New Trends in Clad Wood Windows

Simply put windows…are what you put in the holes in your house. Think about that. Holes in your house. It seems to me that if you are going to have holes in your house, you want a very good quality window to prevent the those holes from letting the conditioned air out and the cold air in and rain from destroying the interior of your house.

Their are three basic categories of windows:

  • Wood
  • Aluminum
  • Vinyl

I will discuss wood windows in particular in this post and specifically clad windows as very few people wish to put unclad windows in their house due to the added maintenance of having to paint them every 3-5 years.

Wood windows are made of wood, (primarily pine) but are sold primarily with a cladding on the exterior to reduce the exterior maintenance requirements that attach to all windows (no painting). The cladding is typically Aluminum, however their are increasing options in this regard in the form of extruded and sheet noble metal claddings such as Bronze, Copper and Zinc.

The last 3 materials are generally sold only on custom windows which are very expensive and typically can only be justified on hard budgets of over $ 400 PSF. If your like me (and most others) you will not be building a home in this range.

However, there are a few copper alternatives manufactured by commodity window manufacturer’s that might in fact fit into your budget. I will discuss these in greater detail in a later post. Anyway back to clad wood windows.

The best known names in this field (due to huge marketing budgets) are Anderson, Pella, Weathershield, Jeld-Wen and Marvin. They probably comprise about 65% market share between them and each of them have their own specific advantages and disadvantages. Only a careful review of the features and benefits of each window will reveal what is best for your project. A brief description of the features that I consider important when reviewing the various windows follows below:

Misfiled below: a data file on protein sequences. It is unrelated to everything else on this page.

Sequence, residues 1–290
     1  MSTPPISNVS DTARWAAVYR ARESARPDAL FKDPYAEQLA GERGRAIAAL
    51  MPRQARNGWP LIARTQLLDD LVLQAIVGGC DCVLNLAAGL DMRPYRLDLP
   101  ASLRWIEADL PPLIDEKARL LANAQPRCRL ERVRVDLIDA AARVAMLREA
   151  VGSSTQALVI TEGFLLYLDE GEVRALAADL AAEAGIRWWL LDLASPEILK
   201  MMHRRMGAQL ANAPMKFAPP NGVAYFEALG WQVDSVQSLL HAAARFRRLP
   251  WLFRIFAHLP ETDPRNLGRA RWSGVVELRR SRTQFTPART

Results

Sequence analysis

Anderson – unique in that the wood window made by Anderson is clad with a PVC vinyl cladding. The cladding is bound to the wood substrate with an adhesive type mechanism which has shown effective, but in some extreme climates worries me that it could detach.

The window is backed by a top-notch warranty and I have anecdotal experience that the company takes its warranty obligations seriously. A good thing indeed. There was manufacturing problem with the welding of the corners of the vinyl cladding some years back on a lot of windows that made its way to Colorado. I was selling Anderson windows at that time and know that the Company spent a very healthy sum of money to find the windows with the problem and fix them before the owners knew there was a problem. It is not that usual to see this kind of pro-active attitude in any company.

The other features of the window include a proprietary glazing system that will require that you will always have to go the Anderson for replacement and a reticence by the company to put breather tubes in their glazing system (critical in high altitudes). Anderson is the largest manufacturers of windows (under one brand) in the U.S. Anderson sells their product through a dealer network composed of lumber yards, window dealers and home-improvement contractors. Anderson mow also sells a line of composite windows made from the waste wood derived from manufacturing its wood windows,